Economy and the Free Trade Agreement

Improved security has produced economic opportunity. Economic opportunity, in turn, empowers the Colombian government and society to expand the areas governed by the rule-of-law. President Uribe's Democratic Security Strategy also had results on the economic front last year:

* The Colombian economy continued its recovery in 2004. Gross domestic product (GDP) growth was approximately 4 percent;

* International monetary fund (IMF) targets for the budget deficit, inflation, and reserves were either met or exceeded;

* Exports and imports increased by over 15 percent;

* Foreign direct investment increased by over 70 percent;

* Though still in double digits, unemployment continues to decline.

These figures are impressive, especially if one considers that this is a nation plagued by four decades of violence. This strong economic track record is a major reason why the U.S. decided to enter into free trade talks with Colombia, along with Peru and Ecuador. Those negotiations are at an advanced stage. U.S. and Colombian agricultural negotiations will resume here next week. Agriculture remains a key difference in the current negotiations. When finalized, this free trade agreement will help solidify the gains of the past years and lead to a long-term growth and development path for Colombia. We are confident that this Free Trade Agreement (FTA) will produce dividends for Colombia well in excess of the benefits currently enjoyed under the Andean Trade Preference and Drug Eradication Act (ATPDEA). At the same time, this agreement will open new opportunities for U.S. exporters and investors.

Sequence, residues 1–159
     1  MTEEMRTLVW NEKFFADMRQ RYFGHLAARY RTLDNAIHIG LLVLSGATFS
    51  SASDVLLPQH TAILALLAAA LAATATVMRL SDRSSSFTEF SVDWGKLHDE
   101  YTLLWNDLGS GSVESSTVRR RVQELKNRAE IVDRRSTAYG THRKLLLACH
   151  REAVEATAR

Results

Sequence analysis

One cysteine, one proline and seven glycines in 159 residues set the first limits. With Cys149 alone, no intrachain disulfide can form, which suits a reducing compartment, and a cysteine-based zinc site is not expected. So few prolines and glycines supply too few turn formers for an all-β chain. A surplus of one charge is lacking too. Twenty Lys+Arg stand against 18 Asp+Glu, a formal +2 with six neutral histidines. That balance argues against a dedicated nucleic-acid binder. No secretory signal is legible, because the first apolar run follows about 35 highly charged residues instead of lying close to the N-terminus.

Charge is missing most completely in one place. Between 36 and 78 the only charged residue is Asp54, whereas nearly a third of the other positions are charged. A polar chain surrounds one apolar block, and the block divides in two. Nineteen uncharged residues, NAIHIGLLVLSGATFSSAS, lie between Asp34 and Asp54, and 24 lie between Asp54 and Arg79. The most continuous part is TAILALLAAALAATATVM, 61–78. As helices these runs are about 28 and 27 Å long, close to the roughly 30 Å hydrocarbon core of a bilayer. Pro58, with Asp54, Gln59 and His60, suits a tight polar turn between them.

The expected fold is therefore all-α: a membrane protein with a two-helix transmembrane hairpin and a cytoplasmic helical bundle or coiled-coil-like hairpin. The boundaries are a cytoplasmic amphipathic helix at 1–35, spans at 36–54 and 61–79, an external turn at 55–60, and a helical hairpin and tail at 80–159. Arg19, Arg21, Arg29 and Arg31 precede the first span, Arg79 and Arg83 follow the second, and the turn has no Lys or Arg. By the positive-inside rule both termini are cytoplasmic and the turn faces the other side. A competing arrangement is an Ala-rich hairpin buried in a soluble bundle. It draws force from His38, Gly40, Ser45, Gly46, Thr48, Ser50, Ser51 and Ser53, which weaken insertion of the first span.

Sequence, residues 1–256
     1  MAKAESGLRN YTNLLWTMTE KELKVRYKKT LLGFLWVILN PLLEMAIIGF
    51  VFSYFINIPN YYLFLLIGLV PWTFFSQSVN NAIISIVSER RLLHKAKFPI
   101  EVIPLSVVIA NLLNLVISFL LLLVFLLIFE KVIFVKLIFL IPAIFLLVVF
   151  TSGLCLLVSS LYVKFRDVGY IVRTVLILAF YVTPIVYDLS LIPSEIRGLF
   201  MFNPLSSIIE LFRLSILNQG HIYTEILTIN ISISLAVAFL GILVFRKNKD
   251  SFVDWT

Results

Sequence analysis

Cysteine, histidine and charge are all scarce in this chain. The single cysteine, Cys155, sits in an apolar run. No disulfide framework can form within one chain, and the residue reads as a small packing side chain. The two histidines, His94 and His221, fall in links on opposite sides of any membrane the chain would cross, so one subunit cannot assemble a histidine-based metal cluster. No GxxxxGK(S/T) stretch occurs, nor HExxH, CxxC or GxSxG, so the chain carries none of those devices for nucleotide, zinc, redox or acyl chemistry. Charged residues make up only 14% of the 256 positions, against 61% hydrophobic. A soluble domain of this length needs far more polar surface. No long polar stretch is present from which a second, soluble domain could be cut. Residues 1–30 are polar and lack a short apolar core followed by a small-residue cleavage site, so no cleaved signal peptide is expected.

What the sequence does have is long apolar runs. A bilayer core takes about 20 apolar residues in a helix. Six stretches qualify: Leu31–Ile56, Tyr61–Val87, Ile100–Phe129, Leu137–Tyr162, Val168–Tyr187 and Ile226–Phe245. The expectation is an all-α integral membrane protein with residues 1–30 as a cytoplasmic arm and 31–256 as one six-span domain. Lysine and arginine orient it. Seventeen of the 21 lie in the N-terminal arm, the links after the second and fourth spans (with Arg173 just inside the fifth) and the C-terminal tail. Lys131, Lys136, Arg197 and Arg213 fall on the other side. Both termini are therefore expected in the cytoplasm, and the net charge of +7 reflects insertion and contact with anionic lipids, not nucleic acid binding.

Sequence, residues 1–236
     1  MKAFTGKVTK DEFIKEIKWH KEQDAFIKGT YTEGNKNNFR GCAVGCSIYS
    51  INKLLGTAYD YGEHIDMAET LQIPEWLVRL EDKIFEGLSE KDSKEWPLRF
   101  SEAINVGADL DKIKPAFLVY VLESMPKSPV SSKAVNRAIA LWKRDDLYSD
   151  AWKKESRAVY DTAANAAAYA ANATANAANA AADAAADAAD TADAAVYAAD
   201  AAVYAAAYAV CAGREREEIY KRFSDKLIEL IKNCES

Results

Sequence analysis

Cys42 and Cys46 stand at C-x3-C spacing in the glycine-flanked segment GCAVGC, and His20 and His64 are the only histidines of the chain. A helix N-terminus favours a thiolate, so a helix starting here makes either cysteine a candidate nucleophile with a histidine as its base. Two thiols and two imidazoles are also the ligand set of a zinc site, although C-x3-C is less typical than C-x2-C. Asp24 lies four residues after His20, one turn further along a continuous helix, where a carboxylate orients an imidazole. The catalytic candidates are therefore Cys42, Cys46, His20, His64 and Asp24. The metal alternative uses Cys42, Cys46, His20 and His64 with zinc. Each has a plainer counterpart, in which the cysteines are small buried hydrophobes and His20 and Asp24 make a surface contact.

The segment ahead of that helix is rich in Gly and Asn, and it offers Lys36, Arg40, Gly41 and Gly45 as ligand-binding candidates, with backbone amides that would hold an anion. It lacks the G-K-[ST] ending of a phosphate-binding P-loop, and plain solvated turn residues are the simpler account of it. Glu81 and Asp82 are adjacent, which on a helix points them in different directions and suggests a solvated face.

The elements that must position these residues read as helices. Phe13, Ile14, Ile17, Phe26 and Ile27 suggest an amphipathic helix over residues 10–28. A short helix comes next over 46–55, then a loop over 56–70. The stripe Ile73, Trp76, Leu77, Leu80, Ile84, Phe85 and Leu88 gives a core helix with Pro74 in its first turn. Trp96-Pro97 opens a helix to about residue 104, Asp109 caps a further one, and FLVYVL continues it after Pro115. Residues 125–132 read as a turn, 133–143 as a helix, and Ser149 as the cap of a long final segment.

Counternarcotics

Turning to counternarcotics, we see a number of indicators of a successful strategy. Drug crop eradication, narcotics interdiction, and related arrests are at record-high levels. Our work with the Colombian government has reduced coca cultivation by 33 percent since 2001 and poppy cultivation by 65 percent. …